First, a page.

You know those people, the ones who just won’t quit. It is so easy to roll your eyes, mock their passion… and then you realize: they’re getting things done, making it happen, defying the conventional wisdom. T.S. Eliot is right—only those willing to go to far can truly know the limits of how far one is capable of traveling. When you look at it like that, how far—really—is ever enough?
Louisiana man Marc Broussard brings that pulse-quickening steaminess that he’s known for to old school soul standards in a way that doesn’t just turn ‘em out, but brings ‘em in. This is the sorta full-roll funk’n'soul expedition that excavates the passion that charges Marvin Gaye’s socially aware “Inner City Blues,” Stevie Wonder’s plucky “You Met Your Match,” the Staples Singers’ twist-down dignity’n'empowerment anthem “Respect Yourself” or Al Green’s slow-build “Love & Happiness” with such vitality.
As a survey course to an era long gone, this is an update that maintains the charge of the originals. With a trip through Allen Toussaint’s “Yes We Can, Can” and Otis Redding’s tortured “I’ve Been Loving You Too Long,” Broussard mines the swampy home turf for a reason to hit the old school black music that’s more than mere nostalgia. It is as mouth-watering as it is mood-elevating, just what the doctor ordered for a CD about soul salvation.
In the morning, sometimes, they settle. Just touch down and kiss the ground ever so softly. Cool and moist in a way that’s finer than particles, one’s skin feels touched, yet barely aware of the patina of moisture that’s settling. But mostly, it is the mistiness that one can touch that lets you know clouds are indeed tangible beings that one can also put their hands through.
It is more like a slow cooked steak sandwich, sliced not shaved and oozing the succulence of beef on the crusty roll. There is, of course, a deeply reduced au jus to dip in - the very essence of the cooking, as well as a homemade worcestershire sauce. With French fries in a white paper cone—equally.
Slightly more expensive than traditional floss, ultimately a much easier navigation between our molars, cuspids and the like. In a realm where dental hygiene precludes a variety of health issues—the plaque on our teeth has been correlated to the plaque in our arteries—this is a way to make getting into the cracks easier, deeper and gentler on the gums. Not the kind of thing most people even think about, butt absolutely the sort of thing that makes the kind of difference in one’s well-being that matters.
The punk/prep iconoclastic designer becomes Target’s latest cutting edge designer to contribute to their suburban sartorial insurrection. Little skirts embroidered with whales—and skull & crossbones? Grown-up crepe de chine black dresses with scalloped cream cutaway trim? Toast military coats with a bird on the back and extreme bolero tailoring? Absolutely. And with no pieces ringing in at more than $40, anyone can afford to play the fashionista game—even if it’s just a little lipstick and crimson striped jersey butt-skimming dress.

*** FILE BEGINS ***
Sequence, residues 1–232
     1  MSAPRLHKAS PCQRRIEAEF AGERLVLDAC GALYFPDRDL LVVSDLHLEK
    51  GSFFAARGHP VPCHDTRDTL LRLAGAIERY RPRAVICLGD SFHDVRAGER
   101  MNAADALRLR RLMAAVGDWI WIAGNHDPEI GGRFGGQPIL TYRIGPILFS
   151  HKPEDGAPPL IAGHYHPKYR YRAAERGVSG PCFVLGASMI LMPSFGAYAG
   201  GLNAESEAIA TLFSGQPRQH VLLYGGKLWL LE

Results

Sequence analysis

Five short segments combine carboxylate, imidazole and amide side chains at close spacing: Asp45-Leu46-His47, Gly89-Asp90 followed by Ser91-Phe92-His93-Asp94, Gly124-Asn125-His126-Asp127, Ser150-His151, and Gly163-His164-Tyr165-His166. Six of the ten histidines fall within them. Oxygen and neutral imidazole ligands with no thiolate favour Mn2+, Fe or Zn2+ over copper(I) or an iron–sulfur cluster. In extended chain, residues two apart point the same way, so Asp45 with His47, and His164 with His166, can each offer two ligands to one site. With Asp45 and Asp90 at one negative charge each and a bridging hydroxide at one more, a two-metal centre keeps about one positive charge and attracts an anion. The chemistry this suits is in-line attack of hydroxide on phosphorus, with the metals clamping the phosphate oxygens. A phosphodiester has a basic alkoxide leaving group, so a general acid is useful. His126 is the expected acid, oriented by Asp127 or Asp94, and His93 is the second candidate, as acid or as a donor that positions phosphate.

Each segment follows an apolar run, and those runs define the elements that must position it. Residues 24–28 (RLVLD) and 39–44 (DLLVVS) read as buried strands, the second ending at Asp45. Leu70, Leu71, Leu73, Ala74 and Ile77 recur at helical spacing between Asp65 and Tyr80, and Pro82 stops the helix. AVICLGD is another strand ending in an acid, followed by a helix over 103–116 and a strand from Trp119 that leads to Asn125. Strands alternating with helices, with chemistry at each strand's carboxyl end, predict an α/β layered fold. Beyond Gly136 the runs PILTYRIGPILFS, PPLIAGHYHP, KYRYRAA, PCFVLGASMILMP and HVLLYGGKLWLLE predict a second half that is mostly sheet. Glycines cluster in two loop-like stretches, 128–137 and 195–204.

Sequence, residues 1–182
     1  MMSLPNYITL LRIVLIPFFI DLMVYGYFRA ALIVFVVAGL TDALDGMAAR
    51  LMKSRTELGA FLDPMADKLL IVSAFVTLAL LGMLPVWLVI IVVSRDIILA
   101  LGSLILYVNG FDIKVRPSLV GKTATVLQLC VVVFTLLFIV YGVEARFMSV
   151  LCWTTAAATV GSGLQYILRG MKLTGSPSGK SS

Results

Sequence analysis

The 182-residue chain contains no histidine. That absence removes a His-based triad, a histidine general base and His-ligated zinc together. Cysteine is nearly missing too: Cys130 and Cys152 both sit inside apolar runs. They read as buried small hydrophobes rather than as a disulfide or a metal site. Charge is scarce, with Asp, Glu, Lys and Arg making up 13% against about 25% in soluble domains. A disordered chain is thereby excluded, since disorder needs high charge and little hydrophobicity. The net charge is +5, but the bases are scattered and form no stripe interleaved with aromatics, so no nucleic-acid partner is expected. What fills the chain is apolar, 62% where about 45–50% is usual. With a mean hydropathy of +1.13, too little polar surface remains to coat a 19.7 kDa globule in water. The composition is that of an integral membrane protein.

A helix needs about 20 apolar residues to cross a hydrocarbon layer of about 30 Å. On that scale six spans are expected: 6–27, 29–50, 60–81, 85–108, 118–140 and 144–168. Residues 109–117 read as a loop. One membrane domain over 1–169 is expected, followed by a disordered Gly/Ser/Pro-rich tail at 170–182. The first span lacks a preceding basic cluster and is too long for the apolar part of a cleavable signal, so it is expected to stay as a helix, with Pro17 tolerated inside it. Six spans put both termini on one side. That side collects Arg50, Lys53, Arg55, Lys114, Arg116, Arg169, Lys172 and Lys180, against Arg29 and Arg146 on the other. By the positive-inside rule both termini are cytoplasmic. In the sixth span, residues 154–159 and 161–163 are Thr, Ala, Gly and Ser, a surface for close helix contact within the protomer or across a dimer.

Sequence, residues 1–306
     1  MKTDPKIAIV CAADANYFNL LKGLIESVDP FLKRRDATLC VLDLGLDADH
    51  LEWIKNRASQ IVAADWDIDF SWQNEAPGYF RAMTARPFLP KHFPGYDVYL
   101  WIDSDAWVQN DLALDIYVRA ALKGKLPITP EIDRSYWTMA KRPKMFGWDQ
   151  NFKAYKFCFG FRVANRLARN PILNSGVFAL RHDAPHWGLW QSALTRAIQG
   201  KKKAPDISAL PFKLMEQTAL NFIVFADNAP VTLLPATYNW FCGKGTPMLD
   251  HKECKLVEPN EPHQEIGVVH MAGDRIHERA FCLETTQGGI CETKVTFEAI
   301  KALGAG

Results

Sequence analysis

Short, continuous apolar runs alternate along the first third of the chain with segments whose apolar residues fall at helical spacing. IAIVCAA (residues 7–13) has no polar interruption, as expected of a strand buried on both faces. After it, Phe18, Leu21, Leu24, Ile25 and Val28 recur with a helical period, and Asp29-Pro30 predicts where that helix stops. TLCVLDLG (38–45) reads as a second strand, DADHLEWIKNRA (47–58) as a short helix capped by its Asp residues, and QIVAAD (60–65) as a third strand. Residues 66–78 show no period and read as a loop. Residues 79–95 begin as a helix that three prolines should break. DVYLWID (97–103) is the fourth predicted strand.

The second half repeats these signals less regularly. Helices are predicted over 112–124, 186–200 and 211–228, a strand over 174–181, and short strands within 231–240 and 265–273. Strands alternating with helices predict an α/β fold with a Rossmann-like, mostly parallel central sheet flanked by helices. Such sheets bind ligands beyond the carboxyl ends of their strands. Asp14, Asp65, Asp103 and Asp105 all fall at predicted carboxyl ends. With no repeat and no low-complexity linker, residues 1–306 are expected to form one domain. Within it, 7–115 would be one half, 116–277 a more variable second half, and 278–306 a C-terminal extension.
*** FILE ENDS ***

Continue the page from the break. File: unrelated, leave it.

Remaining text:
The hot blond has become insistent on human contact. Specifically running her spine along mine. She wiggles in, presses back, settles in. It is a definite sense and presence—and the warmth is a comfort and genuine offering of spaniel love. To have a dog who cuddles is one thing, or a canine who drapes themselves across is a pleasure, but there is nothing like sleeping back-to-back with a fluffy puff of silky Zelda. Why didn’t she think of it sooner?
It’s a simple thing: those whom we love we can harbor no resentments towards. Whatever they do, it is forgiven and forgotten. Maintaining truth and beauty, dignity and the best nature of a relationship—this offers the chance for healing and second chances without acrimony, sanctimony and a projected sense of shame. To love is to let go—literally and figuratively. Here is a perfect maxim to go by.
It is the last of what was old Palm Beach… and the Leopard Lounge, wall murals and classically attentive, but homey staff attest to the potency of an era of subdued comfort over pristine luxe. With rooms that are tiny, but beautifully appointed, Moulton Brown amenities and a tucked away pool to languish at, this is the kind of disappearing act that retros without going kitsch. And the people watching is superb.
It’s actually two. They come individually wrapped. Long thin pretzels with a thin frosting of caramel. Salty. Sweet. Rich. It is just enough to truly sate the sweet tooth - and the portion control eliminates the need to paying attention or will power. Tear one open and let the slow savor begin.
They are the tiny court jesters of the bird world. Small enough, yet coming in reds and blues and yellows, as well as the traditional sooty brown. They dart and light and peck. There is a whirling about them that isn’t skittish, but more the unfettered joy of freedom, the effervescence of near-weightless flight, the fluttering in wings and the quickness that comes without size. Watching their morning - or any - rituals is cause to smile. All you have to do is pause long enough to watch them feed and frolic.
They are beautiful—with their shiny mottled pinkish red and slightly faded greenish skin. The meat is smooth, giving way easily to the teeth, yet having enough body to make chewing it a juicy crunchy exercise. Chilled, they are almost like a liquor, they become so sweet and complicated. Room temperature gives them less intensity, more nuance to the flavor. Either way, good eating.
The freaks and attractions rendered in old school print motifs. The smaller than half sheet cards make a quick note seem like plenty—and gives one an excuse to let people know you’re thinking of them even when you don’t have much to say. Factor in the whimsical running off with the circus thematics and it’s a little bit gypsy, little bit whimsy and a whole lot of imagination set sail.
In a world of Victoria’s Secret and the Body Shop, the Gap, Banana Republic and Abercrombie & Fitch, the notion that there would a minimalist store that sells tea varietals seems counter-intuitive. Yet Atlanta-based demi-chain Teavane seeks to offer loose tea, Japanese iron pots, clear glass infusers, muslin filters and a slew of accessories for tea ranging from Zen to high.